We attended a homeschooling seminar here in Cagayan de Oro sometime last November 2018 before Tuz turned 3. It was the very first time we attended such an event as we have begun thinking about homeschooling Tuz instead of enrolling him in a traditional school.
I remember way back in 2013, when I was traveling here in Cagayan de Oro with my then “bessy” (Mahal), and we were watching this celebrity show on TV. It was showing Brooke Burk, building her new house at that time, including an area in their basement where she could homeschool her kids. That was the first time the thought of having a kid quickly crossed my mind and I thought “If I am going to have a kid in another life, maybe I will homeschool him/her.” I guess the thought of being with one’s child was just so attractive to me because I grew up with my mom working all the time and other caregivers were left to take care of me. I would have loved it if my mom was there for me 24/7. I don’t blame her though. She had to work because my dad was jobless and was the one left at home to take care of our needs.
Anyway, going back to that CDO Homeschooling event we attended, we learned that there are 3 general styles of homeschooling:
- Homeschooling with a Provider
- Independent Homeschooling
- Free Homeschooling
HOMESCHOOLING WITH A PROVIDER
Homeschooling with a provider means you can get your curriculum from a provider that is accredited by the Department of Education. There are several to choose from. Those who were represented during the seminar were:
- Proverbsville Mainstream
- Bright Light Learning Academy
- Proverbsville Special Needs
- Charlotte Mason Method
- School of Tomorrow
- Homeschool Global
Tuition fees vary. You can choose one depending on your budget. But compared to enrolling your kid in a traditional private school, the fees here are definitely a bit lesser, especially considering that you don’t have to pay for gas or your commute or other miscellaneous things like every day “baon” (pocket money/packed lunch/allowance).
There is also a specific timeline that your kids are encouraged to follow but for the most part, from what I understand, these providers can be lenient as well, especially if the kid needs more time to learn certain lessons before moving on to the next. There is a grace period given to them should they need more time to finish their lessons. At least, there’s no heavy pressure for the child to learn things immediately. After all, each child’s intelligence, passions, and capabilities are different and it’s good to let them shine in their own time, at least, up to a certain extent.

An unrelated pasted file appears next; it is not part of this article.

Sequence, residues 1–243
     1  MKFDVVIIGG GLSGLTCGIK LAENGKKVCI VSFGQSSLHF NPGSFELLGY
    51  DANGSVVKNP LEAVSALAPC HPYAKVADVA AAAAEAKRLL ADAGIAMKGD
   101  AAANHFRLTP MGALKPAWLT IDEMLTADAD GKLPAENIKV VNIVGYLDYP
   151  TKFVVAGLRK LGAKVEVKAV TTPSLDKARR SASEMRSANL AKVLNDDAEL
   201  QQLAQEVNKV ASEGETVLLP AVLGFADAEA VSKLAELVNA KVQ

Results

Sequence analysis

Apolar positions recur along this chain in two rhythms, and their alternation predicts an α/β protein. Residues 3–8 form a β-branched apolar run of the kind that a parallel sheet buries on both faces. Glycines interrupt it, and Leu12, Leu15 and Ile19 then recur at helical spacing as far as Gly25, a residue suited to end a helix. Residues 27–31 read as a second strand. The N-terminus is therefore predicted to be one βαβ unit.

We would still have to do further research on each of these providers so we can gauge which one could be best for Tuz and for our lifestyle.
For parents who don’t want to get any DepEd accredited homeschool providers for their child but maybe they want to get a foreign provider, or maybe not get any provider at all, they can opt to do independent homeschooling. What you do is you follow any curriculum you want as your guide. There are tons online. Or you can choose to follow the interest of your child and make your own curriculum from there.
Basically, you as a parent, set their own schedules including keeping track of your child’s grades and levels, making sure that you set aside time for your child’s PEPT (The Philippine Educational Placement Test) so that your child’s academic skills and knowledge are validated and accredited. You may also consider Alternative Learning System or ALS; take care of the Philippine Validating Test or PVT which you will need should your child choose to attend a traditional school in the future. The parents really do take charge when it comes to independent homeschooling! Just thinking about it makes me feel both exhilarated and tired at the same time! Lol!